As I pore over the hundreds of screenings at the Seattle International Film Festival every year, I find myself focusing on two categories – documentaries and Scandinavian films. Here are some of my favorite documentaries from SIFFs gone by.
Every Little Step is about the making of “A Chorus Line” on Broadway. Yes, it’s about actors auditioning for a musical about auditioning for a musical. Interviews with composer Marvin Hamlisch when the musical premiered in the mid-1970s are interspersed with actors auditioning for roles and the producers making casting decisions for the 2006 Broadway revival. It’s every bit as dramatic as you’d expect.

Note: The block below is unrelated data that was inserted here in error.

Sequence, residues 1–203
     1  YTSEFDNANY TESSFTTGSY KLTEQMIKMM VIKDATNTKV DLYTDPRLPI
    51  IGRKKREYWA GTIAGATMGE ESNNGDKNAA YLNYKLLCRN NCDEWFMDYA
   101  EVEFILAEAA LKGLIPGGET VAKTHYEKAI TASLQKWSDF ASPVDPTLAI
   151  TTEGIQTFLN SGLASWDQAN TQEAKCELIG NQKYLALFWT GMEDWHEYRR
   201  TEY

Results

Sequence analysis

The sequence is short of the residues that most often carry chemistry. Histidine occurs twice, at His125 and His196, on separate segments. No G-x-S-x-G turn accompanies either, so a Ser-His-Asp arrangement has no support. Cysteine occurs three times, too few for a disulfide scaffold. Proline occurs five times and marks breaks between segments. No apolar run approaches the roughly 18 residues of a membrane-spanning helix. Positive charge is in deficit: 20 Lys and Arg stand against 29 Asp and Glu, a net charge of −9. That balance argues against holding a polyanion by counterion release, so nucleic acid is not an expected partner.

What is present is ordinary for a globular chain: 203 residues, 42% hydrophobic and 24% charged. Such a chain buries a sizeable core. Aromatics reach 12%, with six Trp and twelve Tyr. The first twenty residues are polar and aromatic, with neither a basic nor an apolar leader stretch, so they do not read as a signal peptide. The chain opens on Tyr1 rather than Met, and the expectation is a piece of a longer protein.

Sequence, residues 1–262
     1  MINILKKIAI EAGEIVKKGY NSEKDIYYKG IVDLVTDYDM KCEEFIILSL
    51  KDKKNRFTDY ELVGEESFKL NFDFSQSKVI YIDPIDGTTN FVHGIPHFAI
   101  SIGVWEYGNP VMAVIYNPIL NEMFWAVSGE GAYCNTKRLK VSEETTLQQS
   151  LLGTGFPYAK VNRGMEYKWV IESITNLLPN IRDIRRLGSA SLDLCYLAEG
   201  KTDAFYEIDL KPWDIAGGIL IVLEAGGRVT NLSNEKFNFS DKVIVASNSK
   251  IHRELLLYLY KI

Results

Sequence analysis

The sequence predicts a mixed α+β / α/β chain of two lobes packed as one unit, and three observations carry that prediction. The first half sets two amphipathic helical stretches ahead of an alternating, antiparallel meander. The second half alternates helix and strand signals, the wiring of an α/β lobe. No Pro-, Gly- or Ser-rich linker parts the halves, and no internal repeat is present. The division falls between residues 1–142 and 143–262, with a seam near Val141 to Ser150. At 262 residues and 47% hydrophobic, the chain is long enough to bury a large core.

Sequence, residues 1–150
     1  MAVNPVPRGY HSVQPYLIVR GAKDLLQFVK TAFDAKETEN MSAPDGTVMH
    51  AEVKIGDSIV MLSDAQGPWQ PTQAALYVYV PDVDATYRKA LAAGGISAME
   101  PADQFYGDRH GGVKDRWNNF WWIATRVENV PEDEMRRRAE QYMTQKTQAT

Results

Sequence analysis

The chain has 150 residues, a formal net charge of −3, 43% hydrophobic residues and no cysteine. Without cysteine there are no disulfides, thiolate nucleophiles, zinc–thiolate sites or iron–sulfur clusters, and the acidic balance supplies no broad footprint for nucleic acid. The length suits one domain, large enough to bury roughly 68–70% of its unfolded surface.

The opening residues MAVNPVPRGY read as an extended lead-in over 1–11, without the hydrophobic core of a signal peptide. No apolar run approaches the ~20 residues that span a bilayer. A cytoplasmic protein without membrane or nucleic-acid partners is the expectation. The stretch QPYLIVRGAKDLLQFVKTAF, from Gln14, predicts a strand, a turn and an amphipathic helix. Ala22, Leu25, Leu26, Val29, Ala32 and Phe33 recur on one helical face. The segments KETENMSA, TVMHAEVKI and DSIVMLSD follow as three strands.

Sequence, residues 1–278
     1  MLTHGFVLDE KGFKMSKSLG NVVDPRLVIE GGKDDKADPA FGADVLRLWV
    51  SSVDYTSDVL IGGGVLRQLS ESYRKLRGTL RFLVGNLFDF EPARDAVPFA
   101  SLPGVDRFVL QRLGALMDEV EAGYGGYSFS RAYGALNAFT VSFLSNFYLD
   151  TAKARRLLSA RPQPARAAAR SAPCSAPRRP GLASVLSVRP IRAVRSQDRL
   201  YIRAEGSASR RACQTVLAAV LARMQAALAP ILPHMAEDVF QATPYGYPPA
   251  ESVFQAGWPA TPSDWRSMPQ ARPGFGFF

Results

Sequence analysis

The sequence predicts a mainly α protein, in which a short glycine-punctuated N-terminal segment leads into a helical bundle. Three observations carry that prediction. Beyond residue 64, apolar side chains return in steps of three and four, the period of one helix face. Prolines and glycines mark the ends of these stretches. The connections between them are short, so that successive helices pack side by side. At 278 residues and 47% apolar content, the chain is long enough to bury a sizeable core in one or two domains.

American Teen looks at five high school teens in Indiana. There’s the prom queen, the jock, the rebel, the geek and the heartthrob. (sound familiar?) It was both lauded for its realistic depiction of cliques and the pressures of growing up in modern day America, and criticized for manipulating its subjects and teetering on the edge of fiction. Either way, you’ll find yourself rooting for the underdogs and hoping the popular kids will get their due.
Page One: Inside the New York Times takes an unprecedented look behind the scenes of the nation’s most prestigious newspaper. It captures the pervasive anxiety of the newsroom, from day to day activities such as pitching stories to the sustainibility of publishing a print newspaper in a digital age. Interviews with staff members, particularly the caustic David Carr and the controversial Brian Stelter (whose own book, Top of the Morning, received a scathing review in New York Times itself) are highlights.